A Prayer Jesus Would Not Answer
The mother of James and John knelt down before Jesus and prayed, “Say that these two sons of mine may sit, one at your right hand and one at your left, in your kingdom” (Matthew 20:21).
You might think that Jesus would refuse to answer this prayer because it was perhaps motivated by vanity. But that is not the reason Jesus gives. He says, ‘To sit at my right hand and my left, this is not mine to give but it is for whom it has been prepared by my Father” (verse 23).
This is strange. At first it sounds like the things that Jesus decides to do are not “prepared” by God; and the things “prepared” by God are not in Jesus' power to grant. But surely this is not true. Jesus said, for example, “I lay down my life of my own accord. No one takes it from me. I have authority to lay it down and I have authority to take it again: this charge I received from my Father” (John 10:18).
God the Father had “prepared” for the death and resurrection of his Son long ago (Isaiah 53). Yet it was in the Son’s authority to lay down his life and to take it again. So there is no conflict between what the Son can do and what the Father “prepares” to have done. They are in harmony.
What then did Jesus mean when he said to James and John, “It is not mine to give but the ones for whom it is prepared by my Father”? Perhaps he is saying, "The Father has not revealed to me who will sit by me, and so it is not mine to give." But Jesus does not say the Father has not revealed this to him as in the case of the second coming (Mark 13:32).
I wonder if Jesus may not mean something like this: “I realize that I have shown favor to James and John. They are part of the inner ring of my intimacy. So it is true that there is a tug in my heart to have them especially near me. So I understand why you would pray to me in this way. But what you must understand is that I and the Father have tugs of affection that we often do not gratify in immediate ways. Instead we submit them to the guidance of infinite wisdom. My Father is the Spring of all Wisdom. So what he has prepared is the way it will be. I always submit to that. It will always be best, even if it means that some of the good tugs of my heart must submit to something different. That is what I mean. Your request is not mine to give in the sense that the natural affections I have for James and John are not sufficient in deciding if they sit at my side. There is an infinite wisdom that decides such things. Let us gladly submit to that and look for my Father’s infinitely better way.”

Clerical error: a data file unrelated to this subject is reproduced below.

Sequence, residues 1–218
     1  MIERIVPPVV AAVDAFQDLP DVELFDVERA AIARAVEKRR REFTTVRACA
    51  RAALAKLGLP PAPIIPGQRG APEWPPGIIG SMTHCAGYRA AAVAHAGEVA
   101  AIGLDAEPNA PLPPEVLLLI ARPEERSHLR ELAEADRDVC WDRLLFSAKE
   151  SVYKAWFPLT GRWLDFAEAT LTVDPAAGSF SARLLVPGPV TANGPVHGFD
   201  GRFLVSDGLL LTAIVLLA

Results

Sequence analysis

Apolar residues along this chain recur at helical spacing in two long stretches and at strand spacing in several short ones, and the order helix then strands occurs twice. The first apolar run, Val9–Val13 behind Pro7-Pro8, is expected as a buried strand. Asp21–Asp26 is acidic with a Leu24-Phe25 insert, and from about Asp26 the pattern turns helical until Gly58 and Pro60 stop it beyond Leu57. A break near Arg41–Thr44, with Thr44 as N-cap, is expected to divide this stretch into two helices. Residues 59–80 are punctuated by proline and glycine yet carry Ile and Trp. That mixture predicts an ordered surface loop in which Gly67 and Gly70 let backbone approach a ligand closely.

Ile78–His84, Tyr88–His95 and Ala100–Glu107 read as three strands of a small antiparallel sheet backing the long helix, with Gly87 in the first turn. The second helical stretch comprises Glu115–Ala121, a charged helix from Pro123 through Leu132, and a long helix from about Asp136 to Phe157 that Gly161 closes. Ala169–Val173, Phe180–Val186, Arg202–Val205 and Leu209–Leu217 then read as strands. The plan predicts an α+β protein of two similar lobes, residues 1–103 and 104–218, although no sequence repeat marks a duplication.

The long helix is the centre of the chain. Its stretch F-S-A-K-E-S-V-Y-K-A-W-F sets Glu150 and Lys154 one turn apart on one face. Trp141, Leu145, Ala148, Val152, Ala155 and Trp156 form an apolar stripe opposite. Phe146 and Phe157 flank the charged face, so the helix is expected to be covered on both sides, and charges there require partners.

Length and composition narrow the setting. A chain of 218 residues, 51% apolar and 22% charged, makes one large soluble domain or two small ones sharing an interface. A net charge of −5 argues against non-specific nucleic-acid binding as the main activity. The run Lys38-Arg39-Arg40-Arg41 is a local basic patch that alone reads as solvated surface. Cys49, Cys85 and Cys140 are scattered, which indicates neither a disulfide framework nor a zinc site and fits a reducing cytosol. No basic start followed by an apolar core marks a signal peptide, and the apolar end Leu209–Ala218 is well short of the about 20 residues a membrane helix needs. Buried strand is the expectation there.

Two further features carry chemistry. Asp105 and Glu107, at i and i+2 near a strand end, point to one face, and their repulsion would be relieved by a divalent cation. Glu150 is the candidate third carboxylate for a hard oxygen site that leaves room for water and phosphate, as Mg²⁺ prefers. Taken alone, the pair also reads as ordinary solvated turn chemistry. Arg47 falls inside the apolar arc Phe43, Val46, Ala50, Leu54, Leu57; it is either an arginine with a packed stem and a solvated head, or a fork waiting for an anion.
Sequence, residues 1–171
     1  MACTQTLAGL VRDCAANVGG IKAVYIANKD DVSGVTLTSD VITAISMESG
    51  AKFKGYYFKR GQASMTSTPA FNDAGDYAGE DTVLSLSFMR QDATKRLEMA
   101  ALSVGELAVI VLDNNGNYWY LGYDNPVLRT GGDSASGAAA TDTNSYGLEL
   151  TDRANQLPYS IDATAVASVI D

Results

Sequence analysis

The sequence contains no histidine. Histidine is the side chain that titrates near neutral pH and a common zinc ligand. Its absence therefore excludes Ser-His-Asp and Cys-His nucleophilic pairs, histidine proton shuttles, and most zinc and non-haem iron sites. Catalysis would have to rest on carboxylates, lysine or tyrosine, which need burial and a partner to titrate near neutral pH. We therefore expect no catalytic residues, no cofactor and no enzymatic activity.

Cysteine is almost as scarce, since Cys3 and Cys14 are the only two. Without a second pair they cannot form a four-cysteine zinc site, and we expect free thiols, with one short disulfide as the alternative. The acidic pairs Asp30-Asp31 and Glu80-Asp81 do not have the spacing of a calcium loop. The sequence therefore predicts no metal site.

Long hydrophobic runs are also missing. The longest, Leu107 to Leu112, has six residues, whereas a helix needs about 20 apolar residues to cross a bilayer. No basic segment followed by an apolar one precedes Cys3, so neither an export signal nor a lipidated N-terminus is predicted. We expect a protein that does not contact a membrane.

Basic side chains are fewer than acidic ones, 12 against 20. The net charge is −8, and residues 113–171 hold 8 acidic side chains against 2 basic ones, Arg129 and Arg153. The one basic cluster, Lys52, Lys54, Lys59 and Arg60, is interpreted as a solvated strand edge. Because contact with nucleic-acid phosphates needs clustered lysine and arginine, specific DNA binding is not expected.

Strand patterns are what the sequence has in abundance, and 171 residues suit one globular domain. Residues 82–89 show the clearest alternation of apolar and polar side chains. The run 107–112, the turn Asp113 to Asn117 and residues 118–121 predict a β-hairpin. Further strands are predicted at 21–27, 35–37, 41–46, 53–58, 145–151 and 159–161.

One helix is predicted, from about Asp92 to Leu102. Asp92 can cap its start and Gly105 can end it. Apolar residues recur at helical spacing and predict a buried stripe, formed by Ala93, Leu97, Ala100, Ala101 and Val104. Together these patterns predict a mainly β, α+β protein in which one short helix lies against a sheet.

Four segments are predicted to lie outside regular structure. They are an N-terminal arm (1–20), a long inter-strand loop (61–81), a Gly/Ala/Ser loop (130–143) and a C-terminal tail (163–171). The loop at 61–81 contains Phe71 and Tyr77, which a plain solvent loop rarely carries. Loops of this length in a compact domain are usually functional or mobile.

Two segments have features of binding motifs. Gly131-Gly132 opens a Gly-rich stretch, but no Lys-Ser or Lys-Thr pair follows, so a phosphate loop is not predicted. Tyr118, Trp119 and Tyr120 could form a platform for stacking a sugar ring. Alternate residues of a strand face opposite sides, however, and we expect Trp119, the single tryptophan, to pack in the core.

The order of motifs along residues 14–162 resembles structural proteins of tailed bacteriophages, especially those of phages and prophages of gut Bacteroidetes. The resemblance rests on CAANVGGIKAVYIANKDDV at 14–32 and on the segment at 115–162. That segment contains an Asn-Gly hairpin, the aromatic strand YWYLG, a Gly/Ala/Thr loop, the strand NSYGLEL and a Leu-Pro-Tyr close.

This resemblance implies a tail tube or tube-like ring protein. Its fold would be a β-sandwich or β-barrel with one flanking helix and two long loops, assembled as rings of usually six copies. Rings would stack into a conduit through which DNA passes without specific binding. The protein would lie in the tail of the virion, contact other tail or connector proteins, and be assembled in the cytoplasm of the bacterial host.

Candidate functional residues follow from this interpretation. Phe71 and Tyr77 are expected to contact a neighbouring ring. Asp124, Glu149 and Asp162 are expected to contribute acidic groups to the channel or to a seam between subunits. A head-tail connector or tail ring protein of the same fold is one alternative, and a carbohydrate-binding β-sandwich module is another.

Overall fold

This is how it is often when we pray. If the answer does not come in the time and the way we want, let us not assume that it is because the Lord has no affection for us nor any tugs to do what we want. He may weep with us over our longing. But he will always yield to his Father’s infinitely wise “preparations” for they are always better. The answer "No, that is not mine to give," always means, "My Father has prepared something better. Trust him."
Pray with me: Lord, I believe, help my unbelief.